Grammy award-winning rapper-singer-songwriter Everlast was originally scheduled to perform “The Star-Spangled Banner” before UFC 216 on Saturday night at T-Mobile Arena.
But he didn’t want to sing the words “bombs bursting in air” in Las Vegas. Not right now, because “it just felt wrong.”
So he opted for “America the Beautiful” instead.
“I hope I made the right decision,” he said. “I feel good about it.”
Everlast opened the pay-per-view portion of UFC 216 — the first major sporting event in Las Vegas since the mass shooting last Sunday — with a rendition of the patriotic tune featuring some raspy, heartwarming vocals and an acoustic guitar.
UFC president Dana White has known Everlast for almost 20 years and contacted him during the week to invite him to perform.
Everlast said the decision to come to Las Vegas was a “no-brainer.”
“I hope it did what I wanted,” said Everlast, who has attended 60 to 70 UFC events. “If it didn’t accomplish anything else, I hope a couple (people’s) hearts were able to open up a little bit and let them start their healing process.”
Everlast, whose real name is Erik Schrody, lives in a gated area about an hour south of Los Angeles and said one of the members of his community was shot and killed at the Route 91 Festival.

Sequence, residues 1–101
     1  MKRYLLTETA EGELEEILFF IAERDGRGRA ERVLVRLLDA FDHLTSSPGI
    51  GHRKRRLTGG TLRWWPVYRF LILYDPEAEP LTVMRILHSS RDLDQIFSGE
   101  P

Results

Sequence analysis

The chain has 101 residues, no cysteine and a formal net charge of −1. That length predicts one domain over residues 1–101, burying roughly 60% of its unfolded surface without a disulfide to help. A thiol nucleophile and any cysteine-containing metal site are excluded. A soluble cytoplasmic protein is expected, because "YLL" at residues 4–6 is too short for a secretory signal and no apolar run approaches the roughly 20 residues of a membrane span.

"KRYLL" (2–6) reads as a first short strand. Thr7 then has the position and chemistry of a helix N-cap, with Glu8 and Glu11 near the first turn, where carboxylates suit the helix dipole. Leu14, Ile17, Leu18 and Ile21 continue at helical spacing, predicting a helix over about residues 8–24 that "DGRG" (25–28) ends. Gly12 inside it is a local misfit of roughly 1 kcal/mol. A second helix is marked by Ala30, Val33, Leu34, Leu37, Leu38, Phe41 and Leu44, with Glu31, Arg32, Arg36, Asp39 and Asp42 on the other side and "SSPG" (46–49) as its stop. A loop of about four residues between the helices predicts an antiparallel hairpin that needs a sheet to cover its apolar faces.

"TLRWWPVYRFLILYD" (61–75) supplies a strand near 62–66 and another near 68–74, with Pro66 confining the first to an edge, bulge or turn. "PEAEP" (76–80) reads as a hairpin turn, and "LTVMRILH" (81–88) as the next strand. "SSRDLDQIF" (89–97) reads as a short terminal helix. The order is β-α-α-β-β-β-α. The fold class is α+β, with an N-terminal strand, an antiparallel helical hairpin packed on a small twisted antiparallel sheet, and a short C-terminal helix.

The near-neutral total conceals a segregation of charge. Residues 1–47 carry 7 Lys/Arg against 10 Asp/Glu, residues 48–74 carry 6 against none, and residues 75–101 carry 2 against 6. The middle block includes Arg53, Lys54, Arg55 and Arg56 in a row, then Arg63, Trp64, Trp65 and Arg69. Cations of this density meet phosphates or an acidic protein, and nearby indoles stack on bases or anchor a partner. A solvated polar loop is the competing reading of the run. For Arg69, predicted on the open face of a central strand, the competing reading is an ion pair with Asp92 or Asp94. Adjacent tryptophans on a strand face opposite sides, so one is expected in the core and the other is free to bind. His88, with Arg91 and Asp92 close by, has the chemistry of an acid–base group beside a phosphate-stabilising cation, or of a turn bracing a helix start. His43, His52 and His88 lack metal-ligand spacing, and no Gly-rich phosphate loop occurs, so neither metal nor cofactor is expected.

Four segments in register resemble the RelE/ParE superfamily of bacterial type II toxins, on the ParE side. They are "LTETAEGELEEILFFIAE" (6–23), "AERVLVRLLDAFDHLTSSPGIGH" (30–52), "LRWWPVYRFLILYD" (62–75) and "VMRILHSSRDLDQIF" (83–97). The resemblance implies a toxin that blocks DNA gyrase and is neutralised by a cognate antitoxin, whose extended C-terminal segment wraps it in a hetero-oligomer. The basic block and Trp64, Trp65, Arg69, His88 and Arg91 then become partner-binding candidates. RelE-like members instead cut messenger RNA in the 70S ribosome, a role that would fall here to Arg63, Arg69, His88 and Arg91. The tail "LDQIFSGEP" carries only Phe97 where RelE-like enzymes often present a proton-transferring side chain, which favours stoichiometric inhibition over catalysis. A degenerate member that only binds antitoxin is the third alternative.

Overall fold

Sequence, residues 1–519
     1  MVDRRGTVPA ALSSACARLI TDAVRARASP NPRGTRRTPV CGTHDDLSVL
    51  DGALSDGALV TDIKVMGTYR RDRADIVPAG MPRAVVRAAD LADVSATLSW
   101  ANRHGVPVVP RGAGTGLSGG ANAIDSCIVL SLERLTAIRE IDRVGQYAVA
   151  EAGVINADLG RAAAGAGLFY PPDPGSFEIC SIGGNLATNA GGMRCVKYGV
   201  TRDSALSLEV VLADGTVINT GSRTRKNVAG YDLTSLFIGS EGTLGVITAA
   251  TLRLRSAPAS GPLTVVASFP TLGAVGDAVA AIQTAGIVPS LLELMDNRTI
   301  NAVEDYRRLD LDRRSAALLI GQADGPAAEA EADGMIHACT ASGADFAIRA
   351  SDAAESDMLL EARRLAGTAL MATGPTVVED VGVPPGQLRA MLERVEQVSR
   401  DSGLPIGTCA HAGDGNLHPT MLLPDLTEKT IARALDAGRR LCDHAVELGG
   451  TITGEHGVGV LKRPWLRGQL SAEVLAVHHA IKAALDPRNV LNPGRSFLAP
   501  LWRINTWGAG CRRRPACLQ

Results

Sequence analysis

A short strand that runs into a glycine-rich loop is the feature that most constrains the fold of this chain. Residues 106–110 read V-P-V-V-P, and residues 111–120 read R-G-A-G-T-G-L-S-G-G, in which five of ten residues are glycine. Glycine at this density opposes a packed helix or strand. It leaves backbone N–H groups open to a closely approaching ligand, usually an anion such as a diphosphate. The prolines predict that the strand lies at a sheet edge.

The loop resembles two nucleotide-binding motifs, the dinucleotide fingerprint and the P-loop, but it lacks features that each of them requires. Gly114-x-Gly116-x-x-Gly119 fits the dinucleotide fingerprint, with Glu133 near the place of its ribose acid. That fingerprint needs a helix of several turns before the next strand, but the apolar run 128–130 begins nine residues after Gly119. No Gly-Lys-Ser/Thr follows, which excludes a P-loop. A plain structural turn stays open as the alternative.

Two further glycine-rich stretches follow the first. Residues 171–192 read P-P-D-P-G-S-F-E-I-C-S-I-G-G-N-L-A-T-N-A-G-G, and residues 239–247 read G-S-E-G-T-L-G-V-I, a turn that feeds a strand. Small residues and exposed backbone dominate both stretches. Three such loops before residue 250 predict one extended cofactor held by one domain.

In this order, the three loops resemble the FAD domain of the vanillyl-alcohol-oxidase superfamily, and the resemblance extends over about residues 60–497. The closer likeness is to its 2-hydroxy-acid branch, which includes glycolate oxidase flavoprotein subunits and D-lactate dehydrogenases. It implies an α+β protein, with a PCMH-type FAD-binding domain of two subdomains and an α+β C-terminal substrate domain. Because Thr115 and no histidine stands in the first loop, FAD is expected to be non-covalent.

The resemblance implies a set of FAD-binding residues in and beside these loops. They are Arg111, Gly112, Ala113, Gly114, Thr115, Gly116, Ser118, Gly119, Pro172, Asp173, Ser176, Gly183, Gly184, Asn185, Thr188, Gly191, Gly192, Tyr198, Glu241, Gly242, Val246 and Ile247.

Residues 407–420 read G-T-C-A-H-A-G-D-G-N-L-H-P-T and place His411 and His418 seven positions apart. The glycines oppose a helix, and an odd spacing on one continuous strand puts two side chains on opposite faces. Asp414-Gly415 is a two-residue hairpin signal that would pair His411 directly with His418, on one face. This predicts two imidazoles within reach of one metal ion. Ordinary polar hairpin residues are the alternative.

He also said he has struggled to convey the horror of the situation to his youngest daughter, who is elementary-age and was not aware of its magnitude.
“The hardest part of coming here was explaining to my daughter why I’m coming (to Las Vegas),” he said. “Having to break that little bit of innocence, like ‘somebody did something really bad and it’s over, but Daddy has been asked to come do something special,’ she’s here and we’re all here.”
Everlast said he rehearsed the song more than 300 times to prepare for the performance. He knew the words, but didn’t initially know the chords on the guitar.
“I wanted it to feel personal. That’s really all I was going for,” he said. “The crowd didn’t scare me. The song didn’t scare me. The moment made me nervous. You don’t want to mess that up.”
Six survivors and first responders were honored in the octagon before Everlast’s performance, and he said he had the opportunity to exchange pleasantries with the group.
“There’s still a bewilderment in the air,” he said. “You realize we’re all connected, regardless. I know Vegas is going to be all right at the end of the day … To be here, it was heavy for me.”
Contact reporter Sam Gordon at firstname.lastname@example.org. Follow @BySamGordon on Twitter.